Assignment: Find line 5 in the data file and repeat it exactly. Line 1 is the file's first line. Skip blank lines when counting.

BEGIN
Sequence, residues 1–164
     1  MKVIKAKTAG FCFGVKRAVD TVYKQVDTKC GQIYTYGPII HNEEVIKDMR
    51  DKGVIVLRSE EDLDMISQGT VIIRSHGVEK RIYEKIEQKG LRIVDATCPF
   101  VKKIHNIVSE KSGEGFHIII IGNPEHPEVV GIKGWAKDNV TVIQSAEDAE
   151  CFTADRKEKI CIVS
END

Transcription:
   151  CFTADRKEKI CIVS